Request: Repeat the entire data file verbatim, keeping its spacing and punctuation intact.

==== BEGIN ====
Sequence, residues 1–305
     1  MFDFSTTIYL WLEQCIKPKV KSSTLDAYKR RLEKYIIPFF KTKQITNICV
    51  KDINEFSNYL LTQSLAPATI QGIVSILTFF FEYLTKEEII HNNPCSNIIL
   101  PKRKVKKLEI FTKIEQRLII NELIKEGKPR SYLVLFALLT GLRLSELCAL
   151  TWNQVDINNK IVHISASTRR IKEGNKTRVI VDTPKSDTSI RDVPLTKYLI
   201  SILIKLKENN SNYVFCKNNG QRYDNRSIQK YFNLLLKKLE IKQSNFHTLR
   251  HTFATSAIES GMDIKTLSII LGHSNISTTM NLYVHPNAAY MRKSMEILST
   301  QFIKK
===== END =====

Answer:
Sequence, residues 1–305
     1  MFDFSTTIYL WLEQCIKPKV KSSTLDAYKR RLEKYIIPFF KTKQITNICV
    51  KDINEFSNYL LTQSLAPATI QGIVSILTFF FEYLTKEEII HNNPCSNIIL
   101  PKRKVKKLEI FTKIEQRLII NELIKEGKPR SYLVLFALLT GLRLSELCAL
   151  TWNQVDINNK IVHISASTRR IKEGNKTRVI VDTPKSDTSI RDVPLTKYLI
   201  SILIKLKENN SNYVFCKNNG QRYDNRSIQK YFNLLLKKLE IKQSNFHTLR
   251  HTFATSAIES GMDIKTLSII LGHSNISTTM NLYVHPNAAY MRKSMEILST
   301  QFIKK